JANUARY 2012 ISSUE
Attacks by Somali pirates on international shipping have reached a new high and the subject hit the national headlines during November when Prime Minister David Cameron said that merchant vessels sailing under the British flag along the coast of Somalia will be allowed to carry armed guards to ward off would-be pirates.
This response seems to be short-sighted and a knee-jerk reaction, rather than a considered view of how to overcome the problem in the long term. Letting merchant vessels carry security guards might reduce the number of successful assaults by pirates, but it is unlikely to have much impact on the number of attacks attempted. More than 30 per cent of pirates who set out from Somalia do not come back alive, so fear of death is unlikely to be an effective deterrent. Indeed, the risk of an armed solution is that all attacks will involve far greater bloodshed.
Instead of tackling the problem with guns and armed threats, it would be better if Mr Cameron tried to understand the root of the problem behind the piracy that plagues the Horn of Africa. It comes from the chaos and hopelessness that have scarred the region since the Somali state collapsed in 1991, and only by addressing the problems of Somalia itself can piracy be effectively countered. A solution that ignores the problems that Somalia has to face will not remedy matters.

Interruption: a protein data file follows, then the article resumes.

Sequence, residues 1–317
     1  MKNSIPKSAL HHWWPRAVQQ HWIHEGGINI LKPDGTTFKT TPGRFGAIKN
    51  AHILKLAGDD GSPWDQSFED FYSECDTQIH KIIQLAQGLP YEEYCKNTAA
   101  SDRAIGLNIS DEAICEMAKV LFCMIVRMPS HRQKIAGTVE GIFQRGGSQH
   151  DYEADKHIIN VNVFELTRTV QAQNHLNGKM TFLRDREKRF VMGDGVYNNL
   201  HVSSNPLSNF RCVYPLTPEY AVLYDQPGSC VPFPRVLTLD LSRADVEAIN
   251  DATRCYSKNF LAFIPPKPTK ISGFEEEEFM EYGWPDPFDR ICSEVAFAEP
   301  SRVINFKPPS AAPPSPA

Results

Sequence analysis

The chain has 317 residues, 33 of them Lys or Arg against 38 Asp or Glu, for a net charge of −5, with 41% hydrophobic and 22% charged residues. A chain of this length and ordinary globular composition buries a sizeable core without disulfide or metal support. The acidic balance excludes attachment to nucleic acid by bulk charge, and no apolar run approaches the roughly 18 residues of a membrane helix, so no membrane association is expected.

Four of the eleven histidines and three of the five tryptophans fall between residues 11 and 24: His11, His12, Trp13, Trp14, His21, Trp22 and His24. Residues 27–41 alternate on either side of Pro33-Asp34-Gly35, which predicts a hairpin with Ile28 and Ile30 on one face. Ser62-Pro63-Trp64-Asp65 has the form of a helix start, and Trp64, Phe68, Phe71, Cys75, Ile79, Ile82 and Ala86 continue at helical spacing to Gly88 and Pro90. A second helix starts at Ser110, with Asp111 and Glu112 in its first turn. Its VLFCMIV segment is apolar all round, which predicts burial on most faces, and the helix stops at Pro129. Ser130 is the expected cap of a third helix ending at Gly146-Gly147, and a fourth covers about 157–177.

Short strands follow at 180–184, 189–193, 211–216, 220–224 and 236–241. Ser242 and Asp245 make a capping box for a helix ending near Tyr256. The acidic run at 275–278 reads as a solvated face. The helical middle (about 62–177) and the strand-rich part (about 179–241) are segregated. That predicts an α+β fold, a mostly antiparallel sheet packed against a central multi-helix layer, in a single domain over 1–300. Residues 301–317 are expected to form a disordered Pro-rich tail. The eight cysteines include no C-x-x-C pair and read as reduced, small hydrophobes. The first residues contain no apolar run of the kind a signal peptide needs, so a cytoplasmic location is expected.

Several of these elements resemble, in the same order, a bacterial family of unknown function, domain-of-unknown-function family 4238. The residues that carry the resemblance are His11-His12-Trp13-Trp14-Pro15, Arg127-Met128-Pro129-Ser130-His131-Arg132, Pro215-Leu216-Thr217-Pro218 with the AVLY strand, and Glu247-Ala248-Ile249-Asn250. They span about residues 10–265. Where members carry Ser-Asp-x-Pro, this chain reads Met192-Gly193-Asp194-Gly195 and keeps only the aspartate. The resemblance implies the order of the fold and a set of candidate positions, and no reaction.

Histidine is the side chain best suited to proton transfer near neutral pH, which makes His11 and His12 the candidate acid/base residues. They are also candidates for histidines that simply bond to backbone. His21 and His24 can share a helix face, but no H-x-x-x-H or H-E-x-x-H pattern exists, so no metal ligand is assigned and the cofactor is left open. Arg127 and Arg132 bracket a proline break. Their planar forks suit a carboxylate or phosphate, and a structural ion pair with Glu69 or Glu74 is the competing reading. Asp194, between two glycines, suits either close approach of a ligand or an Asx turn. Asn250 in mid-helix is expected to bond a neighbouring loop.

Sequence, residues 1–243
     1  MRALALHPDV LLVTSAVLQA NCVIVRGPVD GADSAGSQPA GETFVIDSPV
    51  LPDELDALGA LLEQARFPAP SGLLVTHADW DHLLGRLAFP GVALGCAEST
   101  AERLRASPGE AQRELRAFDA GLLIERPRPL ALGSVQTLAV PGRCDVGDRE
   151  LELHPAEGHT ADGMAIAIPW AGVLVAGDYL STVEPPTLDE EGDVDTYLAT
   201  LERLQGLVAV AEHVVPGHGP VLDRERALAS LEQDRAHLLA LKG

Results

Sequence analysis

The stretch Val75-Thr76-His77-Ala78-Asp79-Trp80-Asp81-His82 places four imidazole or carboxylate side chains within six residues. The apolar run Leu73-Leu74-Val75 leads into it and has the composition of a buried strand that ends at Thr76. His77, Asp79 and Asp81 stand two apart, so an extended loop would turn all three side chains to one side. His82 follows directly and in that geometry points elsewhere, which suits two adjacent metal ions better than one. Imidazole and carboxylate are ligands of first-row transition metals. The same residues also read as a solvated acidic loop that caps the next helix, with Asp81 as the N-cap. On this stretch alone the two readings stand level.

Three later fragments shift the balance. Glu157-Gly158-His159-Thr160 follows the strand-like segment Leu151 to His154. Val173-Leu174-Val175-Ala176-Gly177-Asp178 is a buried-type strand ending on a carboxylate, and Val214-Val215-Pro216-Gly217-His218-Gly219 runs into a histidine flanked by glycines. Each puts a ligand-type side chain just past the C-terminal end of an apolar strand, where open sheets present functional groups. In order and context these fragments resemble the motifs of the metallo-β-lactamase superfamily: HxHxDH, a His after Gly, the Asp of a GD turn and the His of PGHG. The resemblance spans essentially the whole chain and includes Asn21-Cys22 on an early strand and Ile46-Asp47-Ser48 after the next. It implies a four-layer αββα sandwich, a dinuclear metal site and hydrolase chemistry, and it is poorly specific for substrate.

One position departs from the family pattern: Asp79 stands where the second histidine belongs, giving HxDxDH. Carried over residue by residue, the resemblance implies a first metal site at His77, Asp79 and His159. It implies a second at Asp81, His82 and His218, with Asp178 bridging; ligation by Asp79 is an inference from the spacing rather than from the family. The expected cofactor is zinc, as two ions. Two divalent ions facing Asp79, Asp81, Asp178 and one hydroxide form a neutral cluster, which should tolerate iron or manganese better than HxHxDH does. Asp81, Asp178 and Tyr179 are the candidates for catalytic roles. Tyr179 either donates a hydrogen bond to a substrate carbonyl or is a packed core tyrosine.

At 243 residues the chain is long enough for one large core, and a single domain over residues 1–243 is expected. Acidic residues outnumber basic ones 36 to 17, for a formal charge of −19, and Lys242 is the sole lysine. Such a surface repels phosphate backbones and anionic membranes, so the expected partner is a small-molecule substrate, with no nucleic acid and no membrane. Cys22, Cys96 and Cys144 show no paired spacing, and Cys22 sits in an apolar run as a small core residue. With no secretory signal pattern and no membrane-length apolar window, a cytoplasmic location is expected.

Meanwhile, as the politicians talk about solutions, RFA Fort Victoria came to the rescue to save 23 seafarers whose ship had been hijacked in the Indian Ocean. The RFA oiler, together with the US frigate USS De Wert, freed the crew of the 2011-built bulk carrier Montecristo. The ship’s crew had spent 24 hours in a citadel in the engine room after 11 armed pirates boarded the ship when she was 200 miles south-east of Oman. A Royal Navy and Royal Marines boarding team intervened to help the hostages and tackle the pirates.